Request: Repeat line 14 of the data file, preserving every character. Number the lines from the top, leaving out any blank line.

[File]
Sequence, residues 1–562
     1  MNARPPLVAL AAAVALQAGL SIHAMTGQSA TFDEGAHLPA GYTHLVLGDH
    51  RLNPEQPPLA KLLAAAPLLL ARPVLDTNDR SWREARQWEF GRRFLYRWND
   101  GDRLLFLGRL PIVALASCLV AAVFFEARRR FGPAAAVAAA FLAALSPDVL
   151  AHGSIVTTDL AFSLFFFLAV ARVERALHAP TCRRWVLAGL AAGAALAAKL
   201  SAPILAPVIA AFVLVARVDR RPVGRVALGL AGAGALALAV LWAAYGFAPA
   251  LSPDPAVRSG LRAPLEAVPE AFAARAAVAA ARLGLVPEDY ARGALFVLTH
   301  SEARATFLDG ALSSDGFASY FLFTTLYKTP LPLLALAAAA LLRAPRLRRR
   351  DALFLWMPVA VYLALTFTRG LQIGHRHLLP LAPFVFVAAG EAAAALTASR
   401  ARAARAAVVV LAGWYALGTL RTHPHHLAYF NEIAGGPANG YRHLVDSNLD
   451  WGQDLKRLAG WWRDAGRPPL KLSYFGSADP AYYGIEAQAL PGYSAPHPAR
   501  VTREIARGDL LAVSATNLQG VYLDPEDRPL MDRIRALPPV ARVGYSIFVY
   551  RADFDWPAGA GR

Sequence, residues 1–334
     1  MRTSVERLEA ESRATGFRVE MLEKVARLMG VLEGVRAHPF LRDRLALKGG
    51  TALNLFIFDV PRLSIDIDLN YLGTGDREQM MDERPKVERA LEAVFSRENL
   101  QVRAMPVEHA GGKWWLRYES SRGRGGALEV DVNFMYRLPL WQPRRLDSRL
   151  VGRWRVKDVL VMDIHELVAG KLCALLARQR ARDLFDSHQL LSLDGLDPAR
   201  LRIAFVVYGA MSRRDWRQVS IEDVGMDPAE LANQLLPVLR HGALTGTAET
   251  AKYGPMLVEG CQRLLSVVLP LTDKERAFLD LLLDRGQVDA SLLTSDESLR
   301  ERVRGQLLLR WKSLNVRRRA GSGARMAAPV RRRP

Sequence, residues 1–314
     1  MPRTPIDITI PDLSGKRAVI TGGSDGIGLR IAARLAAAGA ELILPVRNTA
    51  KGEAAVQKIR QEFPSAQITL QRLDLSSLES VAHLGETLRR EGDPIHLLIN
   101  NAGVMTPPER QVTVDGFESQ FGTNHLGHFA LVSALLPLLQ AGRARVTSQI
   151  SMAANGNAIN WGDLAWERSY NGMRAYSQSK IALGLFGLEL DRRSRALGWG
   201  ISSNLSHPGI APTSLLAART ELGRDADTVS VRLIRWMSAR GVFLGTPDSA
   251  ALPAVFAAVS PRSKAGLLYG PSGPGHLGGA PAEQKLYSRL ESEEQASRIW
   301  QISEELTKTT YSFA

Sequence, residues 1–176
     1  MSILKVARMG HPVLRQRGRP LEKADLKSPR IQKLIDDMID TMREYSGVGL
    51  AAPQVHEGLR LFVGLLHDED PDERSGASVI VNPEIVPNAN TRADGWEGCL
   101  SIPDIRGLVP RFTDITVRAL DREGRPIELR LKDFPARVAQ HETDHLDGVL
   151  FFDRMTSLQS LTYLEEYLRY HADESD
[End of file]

Sequence, residues 1–334